Daydream? Visualize yourself well?
Welcome to Prue’s Place and our Tea Time Stories where we daydream and visualize.
The King’s Speech
This story is from an article written by CNN about David Seidler, who won an Oscar for best original screenplay for “The King’s Speech,” He was a stutterer just like King George VI, whose battle with the speech disorder is portrayed in the film.
What you might not know is that Seidler, 73, suffered from cancer, just like the King did. But unlike his majesty, Seidler survived the cancer, and he says he did so because he used the same vivid imagination he employed to write his award-winning script.
Seidler says he visualized his cancer away.
“I know it sounds awfully Southern California and woo-woo,” he admits when he describes the visualization techniques he used when his bladder cancer was diagnosed nearly six years ago. “But that’s what happened.”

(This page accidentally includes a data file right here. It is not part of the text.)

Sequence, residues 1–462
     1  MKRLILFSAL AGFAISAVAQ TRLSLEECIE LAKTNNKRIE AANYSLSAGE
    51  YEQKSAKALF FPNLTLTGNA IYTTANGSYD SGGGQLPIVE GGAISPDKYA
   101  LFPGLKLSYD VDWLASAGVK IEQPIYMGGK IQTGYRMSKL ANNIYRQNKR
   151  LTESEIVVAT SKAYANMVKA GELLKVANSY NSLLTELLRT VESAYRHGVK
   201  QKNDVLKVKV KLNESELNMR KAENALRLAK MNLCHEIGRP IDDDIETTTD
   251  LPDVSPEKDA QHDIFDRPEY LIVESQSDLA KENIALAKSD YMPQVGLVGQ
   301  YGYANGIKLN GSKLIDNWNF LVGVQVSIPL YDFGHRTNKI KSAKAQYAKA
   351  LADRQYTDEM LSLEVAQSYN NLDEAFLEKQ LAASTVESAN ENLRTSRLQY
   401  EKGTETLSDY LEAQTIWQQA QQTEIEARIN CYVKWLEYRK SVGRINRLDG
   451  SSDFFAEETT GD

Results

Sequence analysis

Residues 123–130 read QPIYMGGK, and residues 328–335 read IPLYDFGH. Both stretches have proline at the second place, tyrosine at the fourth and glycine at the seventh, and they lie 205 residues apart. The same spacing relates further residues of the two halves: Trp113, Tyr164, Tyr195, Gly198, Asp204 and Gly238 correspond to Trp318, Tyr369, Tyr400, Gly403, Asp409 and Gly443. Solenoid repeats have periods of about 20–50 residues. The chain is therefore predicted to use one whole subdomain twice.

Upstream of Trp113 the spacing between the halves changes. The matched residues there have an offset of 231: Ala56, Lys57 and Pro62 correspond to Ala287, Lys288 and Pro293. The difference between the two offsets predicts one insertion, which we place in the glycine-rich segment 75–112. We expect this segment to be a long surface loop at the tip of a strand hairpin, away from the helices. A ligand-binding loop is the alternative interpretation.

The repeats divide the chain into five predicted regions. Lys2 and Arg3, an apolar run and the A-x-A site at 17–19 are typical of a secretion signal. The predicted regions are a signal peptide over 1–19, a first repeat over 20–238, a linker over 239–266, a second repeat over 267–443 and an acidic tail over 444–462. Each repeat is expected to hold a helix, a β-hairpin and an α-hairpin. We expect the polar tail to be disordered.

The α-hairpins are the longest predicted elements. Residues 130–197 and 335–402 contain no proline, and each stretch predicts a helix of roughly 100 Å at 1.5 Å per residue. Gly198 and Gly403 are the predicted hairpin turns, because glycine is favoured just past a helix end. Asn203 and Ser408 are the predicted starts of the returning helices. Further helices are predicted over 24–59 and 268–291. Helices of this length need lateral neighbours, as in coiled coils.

Seidler says, when he found out his cancer had returned, he visualized a “lovely, clean healthy bladder” for two weeks, and the cancer disappeared. He’s been cancer-free for more than five years.
Whether you can imagine away cancer, or any other disease, has been hotly debated for years.
One camp of doctors will tell you that they’ve seen patients do it, and that a whole host of studies supports the mind-body connection. Other doctors, just as well-respected, will tell you the notion is preposterous, and there’s not a single study to prove it really works.
Seidler isn’t concerned about studies. He says all he knows is that for him, visualization worked.
“When I was first diagnosed in 2005, I was rather upset, of course,” Seidler says in a telephone interview from his home in Malibu, California. “After three to four days of producing a lot of mucus and salty tears, I knew prolonged grief was bad for the autoimmune system, and the autoimmune system was the only buddy I had in fighting cancer.”
Seidler said that’s when he decided to sit down and write the screenplay for “The King’s Speech,” which had been simmering in his brain for many years. “I thought, if I throw myself into the creative process, I can’t be sitting around feeling sorry for myself,” he says.